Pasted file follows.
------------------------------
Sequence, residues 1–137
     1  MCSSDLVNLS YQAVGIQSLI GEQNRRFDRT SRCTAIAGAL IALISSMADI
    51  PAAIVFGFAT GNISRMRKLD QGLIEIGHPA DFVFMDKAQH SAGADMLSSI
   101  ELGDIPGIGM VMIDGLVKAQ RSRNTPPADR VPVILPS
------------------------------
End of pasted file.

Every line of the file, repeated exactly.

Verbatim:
Sequence, residues 1–137
     1  MCSSDLVNLS YQAVGIQSLI GEQNRRFDRT SRCTAIAGAL IALISSMADI
    51  PAAIVFGFAT GNISRMRKLD QGLIEIGHPA DFVFMDKAQH SAGADMLSSI
   101  ELGDIPGIGM VMIDGLVKAQ RSRNTPPADR VPVILPS